As Gina often says, cost-cutting is not a strategy.  We know this, and that’s why we’ll continue to grow and invest in several areas in 2024.

As we uncover more cost savings, we’ll invest in new systems, insights and analytics, product development and digital – all while strengthening our leading franchises and ensuring our brands have the essential marketing they need to thrive well into the future.

We’ll also tap into unlocked potential across our business, like our new supply chain efficiency, our direct-to-consumer capabilities, and key partnerships to maximize licensing opportunities, scale entertainment, and free up our own content dollars to drive new brand development.

I know there is no sugar-coating how hard this is, particularly for the employees directly affected.  We’re grateful to them for their contributions, and we wish them all the best.  In the coming weeks, let’s support each other, and lean in to drive through these necessary changes, so we can return our business to growth and carry out Hasbro’s mission.


I, of course, have a few thoughts on this letter:

  • While Cocks does mention increased supply chain efficiencies (which I bet still rely heavily upon southeast Asia) and increased direct-to-consumer capabilities (i.e. promotion and sales), there is no mention of any increase in focus on the retail part of the channel. We have already seen an increased focus on business-to-consumer strategies with an increase in monthly Secret Lair releases (see "The Not-So-Secret 2022") and Hasbro Pulse, so it will be interesting to see what else Hasbro moves into the direct channel.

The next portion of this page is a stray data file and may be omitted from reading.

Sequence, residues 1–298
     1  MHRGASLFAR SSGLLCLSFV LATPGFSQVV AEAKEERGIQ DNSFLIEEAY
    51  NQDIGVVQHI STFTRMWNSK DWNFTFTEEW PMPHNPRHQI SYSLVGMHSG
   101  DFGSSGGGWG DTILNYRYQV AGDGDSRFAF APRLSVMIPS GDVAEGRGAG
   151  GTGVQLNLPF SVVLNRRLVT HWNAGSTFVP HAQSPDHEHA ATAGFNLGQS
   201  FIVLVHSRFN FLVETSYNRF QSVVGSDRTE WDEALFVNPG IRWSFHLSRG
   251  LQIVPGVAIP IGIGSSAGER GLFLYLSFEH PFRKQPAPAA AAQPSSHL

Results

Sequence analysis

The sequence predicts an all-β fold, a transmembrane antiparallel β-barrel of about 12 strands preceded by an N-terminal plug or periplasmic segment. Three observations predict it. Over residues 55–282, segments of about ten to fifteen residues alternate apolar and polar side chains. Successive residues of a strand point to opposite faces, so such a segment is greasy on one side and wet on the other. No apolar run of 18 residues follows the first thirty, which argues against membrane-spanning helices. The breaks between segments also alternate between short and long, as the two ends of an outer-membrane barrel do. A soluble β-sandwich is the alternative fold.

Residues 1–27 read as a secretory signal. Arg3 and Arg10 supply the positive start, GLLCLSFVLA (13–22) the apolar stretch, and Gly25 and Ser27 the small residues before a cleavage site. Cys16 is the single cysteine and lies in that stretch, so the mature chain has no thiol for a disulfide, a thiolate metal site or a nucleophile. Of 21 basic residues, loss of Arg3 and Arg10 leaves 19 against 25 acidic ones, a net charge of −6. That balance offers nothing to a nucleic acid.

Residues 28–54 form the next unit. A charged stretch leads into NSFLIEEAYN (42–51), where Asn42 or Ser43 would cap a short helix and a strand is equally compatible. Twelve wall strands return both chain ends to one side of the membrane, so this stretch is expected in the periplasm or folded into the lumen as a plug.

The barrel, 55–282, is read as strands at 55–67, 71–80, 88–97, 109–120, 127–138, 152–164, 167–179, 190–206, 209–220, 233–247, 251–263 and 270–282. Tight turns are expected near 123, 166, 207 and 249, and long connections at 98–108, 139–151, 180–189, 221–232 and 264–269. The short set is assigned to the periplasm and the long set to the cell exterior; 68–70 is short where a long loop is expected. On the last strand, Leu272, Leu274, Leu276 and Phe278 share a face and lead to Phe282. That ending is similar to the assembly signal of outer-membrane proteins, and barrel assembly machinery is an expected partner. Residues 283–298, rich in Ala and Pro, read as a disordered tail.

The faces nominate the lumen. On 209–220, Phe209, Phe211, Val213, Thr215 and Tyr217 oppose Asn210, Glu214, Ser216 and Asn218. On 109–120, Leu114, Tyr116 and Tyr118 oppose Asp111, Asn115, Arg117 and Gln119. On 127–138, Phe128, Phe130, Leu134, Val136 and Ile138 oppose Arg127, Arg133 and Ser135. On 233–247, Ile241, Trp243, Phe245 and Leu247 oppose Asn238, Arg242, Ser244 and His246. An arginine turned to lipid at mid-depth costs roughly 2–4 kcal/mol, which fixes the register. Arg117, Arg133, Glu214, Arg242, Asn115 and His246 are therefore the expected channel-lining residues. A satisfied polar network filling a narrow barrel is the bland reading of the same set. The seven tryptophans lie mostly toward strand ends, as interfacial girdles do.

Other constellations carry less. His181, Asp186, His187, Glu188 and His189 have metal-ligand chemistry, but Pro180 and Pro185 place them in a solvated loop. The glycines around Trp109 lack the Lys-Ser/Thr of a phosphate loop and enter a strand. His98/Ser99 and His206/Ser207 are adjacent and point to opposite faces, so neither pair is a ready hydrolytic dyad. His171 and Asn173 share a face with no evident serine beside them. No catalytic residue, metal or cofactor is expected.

• There is no use of the term "firing" anywhere in the letter, just "reductions" and "transitions."
  • If a business needs to cut costs, letting staff go is almost always the first option as payroll is always "low hanging fruit" for an organization. The supply chain modifications mentioned by Cocks usually take years to make, which is also why we saw no rapid shifts in distribution during epidemic (see “Pretty Overblown Trucker Shortage”).

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The opinions expressed in this column are solely those of the writer, and do not necessarily reflect the views of the editorial staff of